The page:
Canadian Human Rights Tribunal Rules Against Net Hate on Google Newsgroup

The Canadian Human Rights Tribunal has issued a ruling against a Canadian man for posting anti-semitic content on a Google newsgroup in violation of the Canadian Human Rights Act.  The Canadian Human Rights Commission, which enforces Tribunal rulings, wrote to Google to advise the company of the decision. 

The Commission acknowledged that there was no order against Google but "encouraged" it to remove the offending content from the newsgroup.   Interestingly, word of the decision does not come from the Tribunal or Commission, but rather through the Chilling Effects website, which posts complaints received by Google to remove content.


  1. Bill Richardson says:

    Stuck between a rock and inaction
    This issue leaves me feeling unsettled. The Canadian Human Rights Tribunal seems to have a moral duty to act on but is legaly powerless to do so? I am curious whether the CHRT’s hands are tied due to a jurisdictional issue or an internet law issue. What would have happened if the same comments had been in print and published in Canada?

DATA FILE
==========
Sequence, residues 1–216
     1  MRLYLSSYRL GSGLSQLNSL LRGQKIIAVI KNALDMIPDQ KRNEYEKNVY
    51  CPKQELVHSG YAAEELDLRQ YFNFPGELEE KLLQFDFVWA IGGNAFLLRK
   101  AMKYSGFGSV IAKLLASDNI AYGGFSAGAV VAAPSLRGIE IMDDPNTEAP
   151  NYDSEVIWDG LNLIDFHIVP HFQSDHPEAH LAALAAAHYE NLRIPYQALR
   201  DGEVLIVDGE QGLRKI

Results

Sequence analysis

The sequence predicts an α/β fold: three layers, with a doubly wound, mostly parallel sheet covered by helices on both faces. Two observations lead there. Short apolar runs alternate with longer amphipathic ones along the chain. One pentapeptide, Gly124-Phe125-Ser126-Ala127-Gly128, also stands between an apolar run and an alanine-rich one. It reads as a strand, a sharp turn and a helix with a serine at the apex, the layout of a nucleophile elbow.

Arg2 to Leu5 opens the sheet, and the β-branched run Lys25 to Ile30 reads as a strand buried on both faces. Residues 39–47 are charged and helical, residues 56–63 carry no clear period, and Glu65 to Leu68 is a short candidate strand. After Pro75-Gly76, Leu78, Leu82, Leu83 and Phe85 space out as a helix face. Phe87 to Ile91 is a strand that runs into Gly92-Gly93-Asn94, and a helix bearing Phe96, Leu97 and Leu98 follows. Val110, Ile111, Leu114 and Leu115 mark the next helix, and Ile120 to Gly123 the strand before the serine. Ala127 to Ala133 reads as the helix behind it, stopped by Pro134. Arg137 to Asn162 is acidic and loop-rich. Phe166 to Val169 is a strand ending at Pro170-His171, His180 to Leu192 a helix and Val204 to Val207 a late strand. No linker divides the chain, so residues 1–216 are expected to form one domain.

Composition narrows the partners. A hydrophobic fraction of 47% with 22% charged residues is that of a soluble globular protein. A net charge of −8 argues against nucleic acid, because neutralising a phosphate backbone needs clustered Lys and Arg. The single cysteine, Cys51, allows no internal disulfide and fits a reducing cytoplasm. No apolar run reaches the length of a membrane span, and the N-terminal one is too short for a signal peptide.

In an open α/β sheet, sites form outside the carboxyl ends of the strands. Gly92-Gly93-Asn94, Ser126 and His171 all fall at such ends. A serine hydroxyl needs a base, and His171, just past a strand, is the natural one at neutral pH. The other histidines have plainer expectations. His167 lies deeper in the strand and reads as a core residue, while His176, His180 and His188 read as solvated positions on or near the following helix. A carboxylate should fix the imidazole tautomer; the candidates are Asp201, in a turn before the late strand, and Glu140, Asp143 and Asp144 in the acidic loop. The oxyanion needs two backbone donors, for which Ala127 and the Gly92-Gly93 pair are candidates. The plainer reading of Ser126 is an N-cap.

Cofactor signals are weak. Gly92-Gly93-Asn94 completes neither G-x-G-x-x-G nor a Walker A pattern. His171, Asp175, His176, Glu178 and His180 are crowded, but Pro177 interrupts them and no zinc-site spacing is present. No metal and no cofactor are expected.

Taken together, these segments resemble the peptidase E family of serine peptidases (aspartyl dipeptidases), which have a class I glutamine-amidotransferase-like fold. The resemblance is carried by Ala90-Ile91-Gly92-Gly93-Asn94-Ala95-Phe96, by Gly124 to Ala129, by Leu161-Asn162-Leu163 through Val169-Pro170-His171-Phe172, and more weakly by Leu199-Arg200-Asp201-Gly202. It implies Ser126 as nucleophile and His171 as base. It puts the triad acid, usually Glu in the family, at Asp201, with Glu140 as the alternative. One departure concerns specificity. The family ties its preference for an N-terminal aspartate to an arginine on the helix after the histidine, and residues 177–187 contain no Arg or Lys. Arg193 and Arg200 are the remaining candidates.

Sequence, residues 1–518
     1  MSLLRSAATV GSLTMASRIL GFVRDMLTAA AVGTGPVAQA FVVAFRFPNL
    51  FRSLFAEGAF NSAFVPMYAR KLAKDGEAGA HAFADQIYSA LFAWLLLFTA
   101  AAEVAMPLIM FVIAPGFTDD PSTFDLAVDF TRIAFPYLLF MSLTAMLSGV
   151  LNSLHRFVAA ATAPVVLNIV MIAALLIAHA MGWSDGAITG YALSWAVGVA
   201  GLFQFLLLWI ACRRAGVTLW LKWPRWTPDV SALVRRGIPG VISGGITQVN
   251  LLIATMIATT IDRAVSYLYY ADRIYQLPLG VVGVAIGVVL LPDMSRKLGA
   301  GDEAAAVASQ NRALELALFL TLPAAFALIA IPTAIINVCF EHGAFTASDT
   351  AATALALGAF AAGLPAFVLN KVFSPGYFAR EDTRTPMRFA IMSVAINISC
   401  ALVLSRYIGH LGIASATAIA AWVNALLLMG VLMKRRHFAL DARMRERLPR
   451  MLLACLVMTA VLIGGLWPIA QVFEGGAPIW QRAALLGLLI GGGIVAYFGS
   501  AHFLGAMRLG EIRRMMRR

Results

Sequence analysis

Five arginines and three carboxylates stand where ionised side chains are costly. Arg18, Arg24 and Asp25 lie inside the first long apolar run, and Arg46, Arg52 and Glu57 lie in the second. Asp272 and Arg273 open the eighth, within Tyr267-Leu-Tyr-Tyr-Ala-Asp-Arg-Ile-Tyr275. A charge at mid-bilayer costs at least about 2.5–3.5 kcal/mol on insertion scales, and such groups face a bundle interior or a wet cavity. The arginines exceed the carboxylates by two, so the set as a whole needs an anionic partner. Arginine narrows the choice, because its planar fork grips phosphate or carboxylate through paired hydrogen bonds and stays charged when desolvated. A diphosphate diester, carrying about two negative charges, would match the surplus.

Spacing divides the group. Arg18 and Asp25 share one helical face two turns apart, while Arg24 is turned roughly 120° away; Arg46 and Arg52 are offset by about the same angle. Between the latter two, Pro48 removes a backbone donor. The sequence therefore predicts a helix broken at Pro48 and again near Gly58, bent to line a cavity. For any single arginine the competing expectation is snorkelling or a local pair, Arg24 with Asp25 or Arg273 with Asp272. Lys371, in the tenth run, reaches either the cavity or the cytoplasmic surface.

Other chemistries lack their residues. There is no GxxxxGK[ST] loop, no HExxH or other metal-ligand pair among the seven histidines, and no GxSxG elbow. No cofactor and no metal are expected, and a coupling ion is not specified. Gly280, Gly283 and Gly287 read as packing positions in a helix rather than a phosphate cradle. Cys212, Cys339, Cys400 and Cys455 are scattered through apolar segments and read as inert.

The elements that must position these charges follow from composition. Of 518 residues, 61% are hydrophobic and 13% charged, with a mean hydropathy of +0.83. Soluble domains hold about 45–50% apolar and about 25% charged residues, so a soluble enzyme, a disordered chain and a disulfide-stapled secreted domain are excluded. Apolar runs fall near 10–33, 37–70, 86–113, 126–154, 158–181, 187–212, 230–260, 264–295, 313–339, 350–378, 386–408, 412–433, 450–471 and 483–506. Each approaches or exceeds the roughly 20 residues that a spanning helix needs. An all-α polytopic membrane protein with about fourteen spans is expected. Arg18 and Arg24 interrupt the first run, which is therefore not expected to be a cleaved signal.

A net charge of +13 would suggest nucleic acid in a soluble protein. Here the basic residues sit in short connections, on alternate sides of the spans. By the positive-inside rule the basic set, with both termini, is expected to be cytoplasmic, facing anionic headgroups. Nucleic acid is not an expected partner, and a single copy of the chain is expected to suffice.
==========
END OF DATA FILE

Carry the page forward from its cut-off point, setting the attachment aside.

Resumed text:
2. Michael Barnhart says:

    I’d like to understand the relationship (if one exists) with respect to comment and opinion offered vis-à-vis criticism of government policies of the State of Israel as opposed to criticism levelled at Jewish people.

    Aren’t these distinctively different entities under law?

    Not all people in Israel are Jews and not all Jews support the policies of the Sharon government.

    I’m as equally disturbed by the growing trend on Internet sites across Canada in particular that appear to be granting tacit approval for inculcating distrust and prejudice against people identified as “Middle Eastern” in national or ethnic origin.

    One can’t reasonably strive to identify address and eradicate discrimination and prejudice on a case-by-case basis. Every abuse and the toleration of abuse by Canadians and the Canadian government authority charged with monitoring discriminatory practices must approach these kinds of practices with a broader scope.